I was glad to see that the ratings for The Killing were good the first night out. It’s an excellent show, and an unusual one as I wrote in The Atlantic last week:
Part of what’s so unusual about The Killing is its format: the 13-episode season is devoted—much like the shorter runs of British series like Prime Suspect or State of Play—to solving a single crime. American procedural shows tend to have a case per episode, a body of the week. Even those that are dedicated to unraveling a larger conspiracy, be it the Baltimore drug networks of The Wire or the identity of the mysterious man in White Collar, generally have at least one mystery they can solve definitively within the programming hour. By contrast, The Killing has only one problem to unravel, and its progress can be maddeningly slow.
But there’s something authentic about that itchy impatience, the fits and starts of an investigation. Enos was pregnant with her son while she was filming, and said she avoided doing the immersive and intensive research she might have otherwise pursued. But Veena Sud, the show’s creator and executive producer, has worked on an unconventional cop show before, the dreamy procedural Cold Case, and had spent time with undercover police officers. Enos says she had help from an unexpected source—one of the still photographers for the pilot was a former homicide detective.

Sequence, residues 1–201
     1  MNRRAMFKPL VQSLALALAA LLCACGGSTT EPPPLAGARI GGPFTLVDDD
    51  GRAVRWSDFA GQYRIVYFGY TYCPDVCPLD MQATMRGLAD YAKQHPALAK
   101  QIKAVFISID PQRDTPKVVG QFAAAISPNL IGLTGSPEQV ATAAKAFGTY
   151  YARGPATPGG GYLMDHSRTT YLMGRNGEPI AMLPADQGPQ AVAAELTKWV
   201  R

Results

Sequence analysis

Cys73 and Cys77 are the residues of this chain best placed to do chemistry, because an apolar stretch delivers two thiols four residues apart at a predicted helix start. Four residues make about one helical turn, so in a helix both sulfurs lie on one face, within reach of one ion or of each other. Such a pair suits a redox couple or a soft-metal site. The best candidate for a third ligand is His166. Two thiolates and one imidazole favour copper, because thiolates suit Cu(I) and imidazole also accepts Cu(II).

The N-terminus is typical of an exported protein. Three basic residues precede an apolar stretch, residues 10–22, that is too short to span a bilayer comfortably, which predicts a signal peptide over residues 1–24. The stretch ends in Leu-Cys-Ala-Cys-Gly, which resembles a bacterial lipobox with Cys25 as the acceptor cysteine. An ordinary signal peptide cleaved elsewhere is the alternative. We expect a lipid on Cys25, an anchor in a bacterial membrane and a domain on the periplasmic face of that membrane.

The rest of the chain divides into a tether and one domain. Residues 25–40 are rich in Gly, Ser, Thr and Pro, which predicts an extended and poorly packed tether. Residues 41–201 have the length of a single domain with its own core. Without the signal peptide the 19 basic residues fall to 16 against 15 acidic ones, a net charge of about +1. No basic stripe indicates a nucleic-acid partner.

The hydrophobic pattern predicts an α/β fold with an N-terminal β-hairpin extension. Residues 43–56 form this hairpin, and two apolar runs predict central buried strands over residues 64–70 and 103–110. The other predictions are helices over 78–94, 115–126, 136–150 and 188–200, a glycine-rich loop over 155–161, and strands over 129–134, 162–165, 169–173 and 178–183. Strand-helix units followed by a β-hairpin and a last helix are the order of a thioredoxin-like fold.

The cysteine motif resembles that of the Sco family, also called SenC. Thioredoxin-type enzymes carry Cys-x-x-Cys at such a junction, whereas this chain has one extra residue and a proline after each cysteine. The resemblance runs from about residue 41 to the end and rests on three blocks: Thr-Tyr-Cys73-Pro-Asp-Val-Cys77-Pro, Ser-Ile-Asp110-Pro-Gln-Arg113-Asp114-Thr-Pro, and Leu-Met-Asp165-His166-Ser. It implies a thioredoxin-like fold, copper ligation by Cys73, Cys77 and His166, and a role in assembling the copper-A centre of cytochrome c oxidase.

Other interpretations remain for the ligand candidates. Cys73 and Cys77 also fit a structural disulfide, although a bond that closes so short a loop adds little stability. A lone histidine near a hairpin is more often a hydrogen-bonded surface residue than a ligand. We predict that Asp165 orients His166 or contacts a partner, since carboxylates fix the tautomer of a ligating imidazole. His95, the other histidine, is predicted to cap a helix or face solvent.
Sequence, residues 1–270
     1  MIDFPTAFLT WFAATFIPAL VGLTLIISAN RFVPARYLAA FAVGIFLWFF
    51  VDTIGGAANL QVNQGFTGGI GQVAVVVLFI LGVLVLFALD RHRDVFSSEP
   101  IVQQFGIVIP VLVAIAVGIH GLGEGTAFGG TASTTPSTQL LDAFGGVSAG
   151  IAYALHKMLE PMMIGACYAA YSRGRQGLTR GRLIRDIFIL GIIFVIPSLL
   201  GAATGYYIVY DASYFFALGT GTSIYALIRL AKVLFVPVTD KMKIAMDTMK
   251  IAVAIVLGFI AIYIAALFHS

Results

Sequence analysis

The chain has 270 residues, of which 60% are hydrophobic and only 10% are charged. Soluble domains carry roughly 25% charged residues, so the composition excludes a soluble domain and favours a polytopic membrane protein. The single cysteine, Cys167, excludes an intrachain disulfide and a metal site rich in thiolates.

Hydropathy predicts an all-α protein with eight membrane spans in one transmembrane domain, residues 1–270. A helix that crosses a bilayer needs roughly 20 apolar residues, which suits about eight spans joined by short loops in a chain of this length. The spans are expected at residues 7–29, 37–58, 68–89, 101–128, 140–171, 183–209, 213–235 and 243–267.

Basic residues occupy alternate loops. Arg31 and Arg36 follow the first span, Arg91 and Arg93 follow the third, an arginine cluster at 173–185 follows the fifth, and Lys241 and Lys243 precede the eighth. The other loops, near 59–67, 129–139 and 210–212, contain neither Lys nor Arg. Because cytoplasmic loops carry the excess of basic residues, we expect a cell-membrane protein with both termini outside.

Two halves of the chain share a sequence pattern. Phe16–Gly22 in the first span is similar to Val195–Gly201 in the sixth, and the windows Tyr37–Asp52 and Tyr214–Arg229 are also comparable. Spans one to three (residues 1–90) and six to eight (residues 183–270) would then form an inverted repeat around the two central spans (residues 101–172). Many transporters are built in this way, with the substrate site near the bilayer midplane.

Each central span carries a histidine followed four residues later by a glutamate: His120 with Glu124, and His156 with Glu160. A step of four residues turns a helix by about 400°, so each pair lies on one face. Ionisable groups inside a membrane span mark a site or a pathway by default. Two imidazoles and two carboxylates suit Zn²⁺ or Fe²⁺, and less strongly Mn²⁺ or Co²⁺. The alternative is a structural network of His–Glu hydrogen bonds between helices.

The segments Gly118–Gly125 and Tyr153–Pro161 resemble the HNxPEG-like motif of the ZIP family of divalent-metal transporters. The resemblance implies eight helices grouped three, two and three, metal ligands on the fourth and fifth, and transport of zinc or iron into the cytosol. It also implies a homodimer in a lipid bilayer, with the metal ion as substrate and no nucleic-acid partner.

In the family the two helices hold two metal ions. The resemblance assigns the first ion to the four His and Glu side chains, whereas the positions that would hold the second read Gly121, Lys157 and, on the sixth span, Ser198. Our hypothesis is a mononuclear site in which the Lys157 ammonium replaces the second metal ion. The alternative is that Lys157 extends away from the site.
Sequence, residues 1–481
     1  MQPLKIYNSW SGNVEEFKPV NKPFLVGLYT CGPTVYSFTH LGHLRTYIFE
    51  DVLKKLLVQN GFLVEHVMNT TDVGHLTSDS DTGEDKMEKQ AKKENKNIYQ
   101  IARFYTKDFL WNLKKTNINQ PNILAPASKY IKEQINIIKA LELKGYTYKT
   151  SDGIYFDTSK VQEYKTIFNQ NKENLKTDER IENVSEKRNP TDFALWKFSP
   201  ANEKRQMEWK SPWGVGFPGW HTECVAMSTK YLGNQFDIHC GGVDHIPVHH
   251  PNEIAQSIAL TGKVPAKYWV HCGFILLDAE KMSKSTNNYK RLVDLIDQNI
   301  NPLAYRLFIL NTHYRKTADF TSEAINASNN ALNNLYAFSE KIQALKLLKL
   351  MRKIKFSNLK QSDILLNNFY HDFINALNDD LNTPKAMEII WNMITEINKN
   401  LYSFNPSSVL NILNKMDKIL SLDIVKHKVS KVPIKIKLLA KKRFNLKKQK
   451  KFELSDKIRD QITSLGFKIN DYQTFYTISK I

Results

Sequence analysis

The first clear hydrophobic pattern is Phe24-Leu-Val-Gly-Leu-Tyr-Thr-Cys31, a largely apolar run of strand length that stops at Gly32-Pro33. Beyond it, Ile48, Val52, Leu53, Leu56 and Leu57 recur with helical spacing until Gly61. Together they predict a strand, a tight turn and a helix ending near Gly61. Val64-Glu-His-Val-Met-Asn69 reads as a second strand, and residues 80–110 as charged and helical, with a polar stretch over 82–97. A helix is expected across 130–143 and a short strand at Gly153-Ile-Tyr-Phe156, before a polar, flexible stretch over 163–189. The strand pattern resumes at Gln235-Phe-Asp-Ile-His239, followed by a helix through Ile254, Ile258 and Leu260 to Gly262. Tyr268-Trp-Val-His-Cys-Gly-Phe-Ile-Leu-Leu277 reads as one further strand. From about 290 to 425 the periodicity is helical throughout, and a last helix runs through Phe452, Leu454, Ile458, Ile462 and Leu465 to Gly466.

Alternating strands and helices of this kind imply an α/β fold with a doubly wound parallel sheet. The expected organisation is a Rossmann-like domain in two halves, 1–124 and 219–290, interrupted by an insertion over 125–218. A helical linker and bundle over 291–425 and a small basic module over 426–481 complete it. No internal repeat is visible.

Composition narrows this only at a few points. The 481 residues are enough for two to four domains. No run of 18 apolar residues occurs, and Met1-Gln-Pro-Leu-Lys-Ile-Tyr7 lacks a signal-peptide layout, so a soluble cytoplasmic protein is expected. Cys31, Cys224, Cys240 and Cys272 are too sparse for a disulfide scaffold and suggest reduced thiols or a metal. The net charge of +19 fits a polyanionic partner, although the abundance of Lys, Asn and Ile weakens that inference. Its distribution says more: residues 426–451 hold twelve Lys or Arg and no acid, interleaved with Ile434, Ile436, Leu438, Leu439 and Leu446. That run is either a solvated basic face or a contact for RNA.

“His hobby had been photography, that’s kind of how he kept himself balanced,” she says. “He retired, but it had been his part-time profession, being a still photographer. He understood both worlds.”
The comments on the piece were illuminating for me, particularly the sense that a show with a female cop as the lead on her own won’t make it. I don’t know that I believe that’s true: certainly, The Closer has a following. But it is revealing, I think, that the mixed-team partner setup has become the hallmark of our police shows. It wasn’t so long ago that Law & Order: Special Victims Unit could partner two white men, John Munch and Brian Cassidy. But I think that pairing would be impossible now. Partner teams are always varied by race or by gender, and there’s much less of a sense most of the time that one person is the lead partner, whether it’s Olivia and Eliot on Special Victims Unit, or Mary and Marshall on In Plain Site. I do think The Killing is unique in the sense that an experienced woman homicide detective is leading an investigation while showing a younger male cop the ropes. But the show is the same as its counterpart (if not peer) shows in its insistence that the police force has to represent all of us.